'Studies have shown that under normal circumstances, over 90 per cent of people found this temperature to be comfortable,' she says. 'We've led by example - all government buildings have adhered to the practice for years.'
Yet it's obvious most establishments in the city aren't following suit. Cold air is still blowing through the vents on buses, cinemas and shopping malls - even during December and January.
Mandy Pang Man-wah, spokeswoman for Citybus and New World First Bus, says all buses are equipped with an automatic air conditioning system that adjusts temperature accordingly.
'Not even the bus driver can change the temperature,' she says. 'But the design of our system is to maintain a proper pre-set limit.'
But when the SCMP checked the temperature on March 3, our thermometer recorded 16 degrees (Bus 5B, Kennedy Town to Causeway Bay route).
Another venue that's developed a reputation for its cool temperatures is The Landmark in Central, and our thermometer check on March 2 showed a temperature of 19 degrees, which is the average temperature for shopping malls in the city, according to a study conducted by Polytechnic University.
That's still more than 5 degrees off the recommended setting, and according to studies by WWF Hong Kong, a rise of just one degree would save more than 4 per cent of annual energy use - a figure that equates to a saving of HK$26,000 a year for a standard Hong Kong building.
'Hong Kong's air conditioning is definitely too cold,' says Angus Wong Chun-yin of WWF Hong Kong. Wong wonders why our government doesn't take a more aggressive stance against excessive air conditioning usage, pointing out that Taipei recently passed a statute requiring all buildings to maintain the temperature above 26 degrees.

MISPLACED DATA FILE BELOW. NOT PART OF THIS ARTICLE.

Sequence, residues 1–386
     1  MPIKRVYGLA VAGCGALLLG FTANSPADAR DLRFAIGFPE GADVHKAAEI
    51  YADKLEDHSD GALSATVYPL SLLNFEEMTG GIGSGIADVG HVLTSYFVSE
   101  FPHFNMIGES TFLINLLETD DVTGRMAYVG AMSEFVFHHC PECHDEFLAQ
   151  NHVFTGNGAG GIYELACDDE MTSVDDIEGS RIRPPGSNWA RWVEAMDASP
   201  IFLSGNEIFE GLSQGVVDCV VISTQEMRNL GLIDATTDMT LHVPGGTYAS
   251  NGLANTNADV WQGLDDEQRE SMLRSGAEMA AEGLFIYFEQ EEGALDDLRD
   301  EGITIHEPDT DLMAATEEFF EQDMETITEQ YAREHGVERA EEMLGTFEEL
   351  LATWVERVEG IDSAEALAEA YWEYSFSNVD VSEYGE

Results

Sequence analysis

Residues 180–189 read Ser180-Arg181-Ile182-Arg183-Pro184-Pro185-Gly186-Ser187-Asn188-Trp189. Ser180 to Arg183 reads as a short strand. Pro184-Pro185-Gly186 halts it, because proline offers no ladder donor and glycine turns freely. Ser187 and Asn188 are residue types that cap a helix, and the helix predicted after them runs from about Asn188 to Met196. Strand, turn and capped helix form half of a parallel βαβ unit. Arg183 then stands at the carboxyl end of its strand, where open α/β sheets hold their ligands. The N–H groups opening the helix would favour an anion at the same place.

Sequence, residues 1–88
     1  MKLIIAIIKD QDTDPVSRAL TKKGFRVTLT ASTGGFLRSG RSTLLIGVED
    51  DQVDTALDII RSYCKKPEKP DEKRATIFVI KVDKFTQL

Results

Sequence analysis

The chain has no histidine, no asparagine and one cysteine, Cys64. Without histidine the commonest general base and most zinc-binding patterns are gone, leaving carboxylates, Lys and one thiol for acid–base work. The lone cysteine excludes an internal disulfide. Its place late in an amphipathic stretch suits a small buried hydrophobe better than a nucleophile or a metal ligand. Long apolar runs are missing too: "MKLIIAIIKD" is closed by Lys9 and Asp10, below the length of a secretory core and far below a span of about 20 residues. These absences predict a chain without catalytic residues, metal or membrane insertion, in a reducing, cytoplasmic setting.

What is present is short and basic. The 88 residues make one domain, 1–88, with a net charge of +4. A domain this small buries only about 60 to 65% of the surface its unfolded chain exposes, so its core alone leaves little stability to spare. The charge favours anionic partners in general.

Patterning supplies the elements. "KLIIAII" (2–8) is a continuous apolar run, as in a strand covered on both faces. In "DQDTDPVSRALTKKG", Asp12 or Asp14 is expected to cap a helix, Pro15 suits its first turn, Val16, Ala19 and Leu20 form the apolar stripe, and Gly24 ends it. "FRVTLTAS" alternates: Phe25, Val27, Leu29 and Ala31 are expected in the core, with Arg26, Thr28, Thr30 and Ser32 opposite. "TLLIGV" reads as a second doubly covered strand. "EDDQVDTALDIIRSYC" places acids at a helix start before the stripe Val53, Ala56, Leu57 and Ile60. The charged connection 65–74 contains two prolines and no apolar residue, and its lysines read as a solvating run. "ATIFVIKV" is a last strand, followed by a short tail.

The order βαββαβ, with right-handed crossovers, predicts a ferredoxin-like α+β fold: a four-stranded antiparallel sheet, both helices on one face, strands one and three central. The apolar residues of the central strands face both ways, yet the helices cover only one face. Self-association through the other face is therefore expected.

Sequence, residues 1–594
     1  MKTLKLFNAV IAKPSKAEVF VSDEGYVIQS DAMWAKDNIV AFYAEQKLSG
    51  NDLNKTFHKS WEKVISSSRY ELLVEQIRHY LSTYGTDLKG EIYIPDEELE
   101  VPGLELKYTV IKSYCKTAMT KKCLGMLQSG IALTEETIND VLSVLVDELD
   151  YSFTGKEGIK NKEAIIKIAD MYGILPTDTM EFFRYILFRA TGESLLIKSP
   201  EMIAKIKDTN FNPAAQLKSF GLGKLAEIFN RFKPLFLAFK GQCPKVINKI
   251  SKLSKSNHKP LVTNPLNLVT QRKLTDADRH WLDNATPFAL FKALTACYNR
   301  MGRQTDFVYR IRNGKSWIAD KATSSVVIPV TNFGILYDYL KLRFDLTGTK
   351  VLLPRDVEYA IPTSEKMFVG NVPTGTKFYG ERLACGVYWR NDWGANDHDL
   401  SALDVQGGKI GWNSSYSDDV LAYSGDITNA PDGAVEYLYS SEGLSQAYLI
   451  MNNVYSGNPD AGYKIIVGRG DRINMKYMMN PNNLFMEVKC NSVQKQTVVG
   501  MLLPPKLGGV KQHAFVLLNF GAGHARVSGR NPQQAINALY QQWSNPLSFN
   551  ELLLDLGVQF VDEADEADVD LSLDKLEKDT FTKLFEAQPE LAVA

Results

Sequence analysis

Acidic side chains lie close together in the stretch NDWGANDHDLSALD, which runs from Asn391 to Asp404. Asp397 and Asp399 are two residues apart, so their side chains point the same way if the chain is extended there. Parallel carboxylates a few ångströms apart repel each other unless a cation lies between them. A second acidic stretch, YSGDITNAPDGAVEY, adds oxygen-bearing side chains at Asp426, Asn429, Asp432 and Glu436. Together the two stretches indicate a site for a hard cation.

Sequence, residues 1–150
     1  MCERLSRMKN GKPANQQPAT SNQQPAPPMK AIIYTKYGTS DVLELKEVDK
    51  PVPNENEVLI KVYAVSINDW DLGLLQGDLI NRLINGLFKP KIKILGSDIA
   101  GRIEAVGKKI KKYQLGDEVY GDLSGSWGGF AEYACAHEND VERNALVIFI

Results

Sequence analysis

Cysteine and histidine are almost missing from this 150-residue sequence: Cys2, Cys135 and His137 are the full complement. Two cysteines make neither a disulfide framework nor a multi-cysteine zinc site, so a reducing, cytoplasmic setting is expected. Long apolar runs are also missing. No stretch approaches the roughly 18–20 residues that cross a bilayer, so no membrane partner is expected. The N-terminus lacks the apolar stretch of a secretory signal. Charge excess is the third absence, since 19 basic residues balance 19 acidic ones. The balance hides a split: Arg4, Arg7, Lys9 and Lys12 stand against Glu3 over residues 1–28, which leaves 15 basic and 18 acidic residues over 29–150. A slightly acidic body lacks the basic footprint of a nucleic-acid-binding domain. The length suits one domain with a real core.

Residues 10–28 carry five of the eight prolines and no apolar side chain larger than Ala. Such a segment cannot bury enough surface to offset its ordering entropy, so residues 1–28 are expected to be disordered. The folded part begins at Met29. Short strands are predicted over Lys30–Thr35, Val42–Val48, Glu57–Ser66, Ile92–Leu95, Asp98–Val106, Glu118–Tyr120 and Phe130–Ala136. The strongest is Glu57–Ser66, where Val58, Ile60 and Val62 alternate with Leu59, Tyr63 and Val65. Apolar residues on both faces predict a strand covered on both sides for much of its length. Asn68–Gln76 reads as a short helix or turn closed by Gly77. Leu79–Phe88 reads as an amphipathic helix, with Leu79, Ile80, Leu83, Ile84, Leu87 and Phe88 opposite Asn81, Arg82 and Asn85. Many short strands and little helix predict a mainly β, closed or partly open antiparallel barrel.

Eva Wong insists that instead of enforcing an iron-clad law, the department believes in promoting the cause through public education.
'We've been working with the business community through various chambers of commerce and trade associations to promote the temperature policy,' Wong says. 'We've also published various leaflets to disseminate the message into the community.'
Shirley Woo, communications manager of Hongkong Land, the property group that owns The Landmark, defends the venue's temperature settings.
'Authoritative research has indicated that productivity declines in an environment that is too hot, and reports also indicates that individuals perceive air quality to be higher when the temperature is cooler,' Woo says.
She adds that there are many variables in determining 'thermal comfort', such as humidity, radiation, clothing and activity level.
Mr Ho, owner of a cha chaan teng on Jaffe Road in Wan Chai, also favours a cooler indoor environment.